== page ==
Accounting or accountancy is the measurement, processing, and communication of financial information about economic entities such as businesses and corporations. The modern field was established by the Italian mathematician Luca Pacioli in 1494. Accounting, which has been called the “language of business”, measures the results of an organization’s economic activities and conveys this information to a variety of users, including investors, creditors, management, and regulators. Practitioners of accounting are known as accountants. The terms “accounting” and “financial reporting” are often used as synonyms.
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Accounting can be divided into several fields including financial accounting, management accounting, external auditing, tax accounting and cost accounting. Accounting information systems are designed to support accounting functions and related activities. Financial accounting focuses on the reporting of an organization’s financial information, including the preparation of financial statements, to external users of the information, such as investors, regulators and suppliers; and management accounting focuses on the measurement, analysis and reporting of information for internal use by management. The recording of financial transactions, so that summaries of the financials may be presented in financial reports, is known as bookkeeping, of which double-entry bookkeeping is the most common system.
Accounting is facilitated by accounting organizations such as standard-setters, accounting firms and professional bodies. Financial statements are usually audited by accounting firms, and are prepared in accordance with generally accepted accounting principles (GAAP). GAAP is set by various standard-setting organizations such as the Financial Accounting Standards Board (FASB) in the United States and the Financial Reporting Council in the United Kingdom. As of 2012, “all major economies” have plans to converge towards or adopt the International Financial Reporting Standards (IFRS).
Accounting has several subfields or subject areas, including financial accounting, management accounting, auditing, taxation and accounting information systems.
Auditing is the verification of assertions made by others regarding a payoff, and in the context of accounting it is the “unbiased examination and evaluation of the financial statements of an organization”.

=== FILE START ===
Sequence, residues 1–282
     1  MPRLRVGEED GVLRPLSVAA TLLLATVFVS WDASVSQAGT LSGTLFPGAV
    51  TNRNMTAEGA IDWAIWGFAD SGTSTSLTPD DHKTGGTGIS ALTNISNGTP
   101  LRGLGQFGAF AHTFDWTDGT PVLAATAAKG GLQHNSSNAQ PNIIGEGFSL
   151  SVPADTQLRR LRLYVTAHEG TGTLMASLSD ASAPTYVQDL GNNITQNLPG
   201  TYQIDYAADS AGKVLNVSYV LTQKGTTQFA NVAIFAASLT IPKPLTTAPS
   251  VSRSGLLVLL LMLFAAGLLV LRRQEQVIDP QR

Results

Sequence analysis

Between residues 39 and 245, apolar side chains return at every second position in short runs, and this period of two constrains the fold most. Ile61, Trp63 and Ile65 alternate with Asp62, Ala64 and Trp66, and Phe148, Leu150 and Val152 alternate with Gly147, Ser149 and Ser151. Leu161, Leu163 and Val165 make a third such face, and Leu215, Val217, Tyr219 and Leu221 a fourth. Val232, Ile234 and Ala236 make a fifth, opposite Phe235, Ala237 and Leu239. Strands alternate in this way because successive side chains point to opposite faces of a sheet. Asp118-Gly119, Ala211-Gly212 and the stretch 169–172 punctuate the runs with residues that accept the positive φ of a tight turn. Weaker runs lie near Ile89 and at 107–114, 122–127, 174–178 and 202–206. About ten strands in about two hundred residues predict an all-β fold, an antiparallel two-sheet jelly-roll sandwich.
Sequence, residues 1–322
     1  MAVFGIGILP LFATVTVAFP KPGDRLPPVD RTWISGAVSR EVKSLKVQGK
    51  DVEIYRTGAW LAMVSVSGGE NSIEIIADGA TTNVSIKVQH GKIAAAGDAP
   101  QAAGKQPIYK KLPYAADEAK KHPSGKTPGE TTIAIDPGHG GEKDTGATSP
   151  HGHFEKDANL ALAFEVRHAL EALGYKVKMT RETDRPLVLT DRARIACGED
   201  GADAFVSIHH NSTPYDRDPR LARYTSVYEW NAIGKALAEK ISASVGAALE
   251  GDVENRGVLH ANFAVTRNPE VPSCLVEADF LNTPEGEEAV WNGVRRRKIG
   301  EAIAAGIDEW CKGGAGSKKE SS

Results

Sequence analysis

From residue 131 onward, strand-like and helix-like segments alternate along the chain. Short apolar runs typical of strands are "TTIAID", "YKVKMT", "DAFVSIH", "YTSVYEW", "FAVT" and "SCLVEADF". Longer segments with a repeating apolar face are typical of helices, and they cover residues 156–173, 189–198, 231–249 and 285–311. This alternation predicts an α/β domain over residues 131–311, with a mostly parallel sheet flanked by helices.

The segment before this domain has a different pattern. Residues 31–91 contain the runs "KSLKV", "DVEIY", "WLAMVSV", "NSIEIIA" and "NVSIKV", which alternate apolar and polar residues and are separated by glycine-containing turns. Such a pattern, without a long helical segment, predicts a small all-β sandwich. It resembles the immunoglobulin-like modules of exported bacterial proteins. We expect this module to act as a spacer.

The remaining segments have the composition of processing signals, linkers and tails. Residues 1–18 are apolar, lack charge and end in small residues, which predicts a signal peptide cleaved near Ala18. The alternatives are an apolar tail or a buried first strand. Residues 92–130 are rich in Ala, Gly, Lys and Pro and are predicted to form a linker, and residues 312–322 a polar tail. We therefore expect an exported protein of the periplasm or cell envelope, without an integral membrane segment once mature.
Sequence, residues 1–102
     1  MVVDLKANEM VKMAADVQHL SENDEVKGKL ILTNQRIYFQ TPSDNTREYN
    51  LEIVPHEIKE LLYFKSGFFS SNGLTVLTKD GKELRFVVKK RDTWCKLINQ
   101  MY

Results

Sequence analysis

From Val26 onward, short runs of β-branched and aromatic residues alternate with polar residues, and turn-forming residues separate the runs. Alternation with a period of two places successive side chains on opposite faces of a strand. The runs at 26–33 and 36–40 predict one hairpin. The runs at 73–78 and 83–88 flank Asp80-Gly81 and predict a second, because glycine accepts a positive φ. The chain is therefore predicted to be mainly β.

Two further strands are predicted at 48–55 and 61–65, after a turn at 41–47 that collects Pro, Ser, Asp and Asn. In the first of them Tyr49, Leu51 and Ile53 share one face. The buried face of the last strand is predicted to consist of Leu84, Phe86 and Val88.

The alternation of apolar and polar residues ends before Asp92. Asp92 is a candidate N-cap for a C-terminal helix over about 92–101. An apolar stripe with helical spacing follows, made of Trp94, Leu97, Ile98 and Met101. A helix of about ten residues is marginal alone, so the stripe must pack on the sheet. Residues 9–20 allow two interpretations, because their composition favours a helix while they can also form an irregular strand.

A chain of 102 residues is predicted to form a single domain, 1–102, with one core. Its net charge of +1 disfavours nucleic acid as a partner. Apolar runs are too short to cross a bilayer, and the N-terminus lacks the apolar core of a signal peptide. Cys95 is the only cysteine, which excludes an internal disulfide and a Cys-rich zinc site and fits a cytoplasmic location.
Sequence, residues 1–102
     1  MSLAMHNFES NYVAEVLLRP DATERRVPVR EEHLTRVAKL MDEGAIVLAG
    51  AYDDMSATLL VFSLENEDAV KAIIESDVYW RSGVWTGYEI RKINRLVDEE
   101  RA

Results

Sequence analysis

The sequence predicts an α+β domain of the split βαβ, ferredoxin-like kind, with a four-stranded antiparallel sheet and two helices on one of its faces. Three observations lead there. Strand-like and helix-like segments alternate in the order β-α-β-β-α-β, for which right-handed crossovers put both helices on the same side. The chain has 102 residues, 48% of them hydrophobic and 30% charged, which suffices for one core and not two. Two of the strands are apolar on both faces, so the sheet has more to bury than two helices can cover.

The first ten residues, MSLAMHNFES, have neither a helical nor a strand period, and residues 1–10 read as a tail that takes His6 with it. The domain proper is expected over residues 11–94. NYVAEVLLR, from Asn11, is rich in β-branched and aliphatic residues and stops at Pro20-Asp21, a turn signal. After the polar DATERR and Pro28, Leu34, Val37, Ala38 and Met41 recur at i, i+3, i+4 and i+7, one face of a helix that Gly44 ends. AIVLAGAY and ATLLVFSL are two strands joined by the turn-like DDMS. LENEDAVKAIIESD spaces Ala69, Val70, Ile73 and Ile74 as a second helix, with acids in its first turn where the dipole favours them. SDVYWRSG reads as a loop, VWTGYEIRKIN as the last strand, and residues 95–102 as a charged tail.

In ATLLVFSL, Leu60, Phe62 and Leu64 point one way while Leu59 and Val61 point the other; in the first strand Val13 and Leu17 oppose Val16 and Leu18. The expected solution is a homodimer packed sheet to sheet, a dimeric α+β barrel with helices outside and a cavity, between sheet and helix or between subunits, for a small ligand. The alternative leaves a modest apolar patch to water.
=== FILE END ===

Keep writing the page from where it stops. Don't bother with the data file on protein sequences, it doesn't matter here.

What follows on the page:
An audit of financial statements aims to express or disclaim an opinion on the financial statements. The auditor expresses an opinion on the fairness with which the financial statements presents the financial position, results of operations, and cash flows of an entity, in accordance with the generally acceptable accounting principle (GAAP) and “in all material respects”. An auditor is also required to identify circumstances in which the generally acceptable accounting principles (GAAP) has not been consistently observed.
- Financial accounting
Financial accounting focuses on the reporting of an organization’s financial information to external users of the information, such as investors, potential investors and creditors. It calculates and records business transactions and prepares financial statements for the external users in accordance with generally accepted accounting principles (GAAP). GAAP, in turn, arises from the wide agreement between accounting theory and practice, and change over time to meet the needs of decision-makers.
Financial accounting produces past-oriented reports—for example the financial statements prepared in 2006 reports on performance in 2005—on an annual or quarterly basis, generally about the organization as a whole.
This branch of accounting is also studied as part of the board exams for qualifying as an actuary. It is interesting to note that these two professionals, accountants and actuaries, have created a culture of being archrivals.
- Management accounting
Management accounting focuses on the measurement, analysis and reporting of information that can help managers in making decisions to fulfill the goals of an organization. In management accounting, internal measures and reports are based on cost-benefit analysis, and are not required to follow the generally accepted accounting principle (GAAP). In 2014 CIMA created the Global Management Accounting Principles (GMAPs). The result of research from across 20 countries in five continents, the principles aim to guide best practice in the discipline.
Management accounting produces future-oriented reports—for example the budget for 2006 is prepared in 2005—and the time span of reports varies widely. Such reports may include both financial and non financial information, and may, for example, focus on specific products and departments.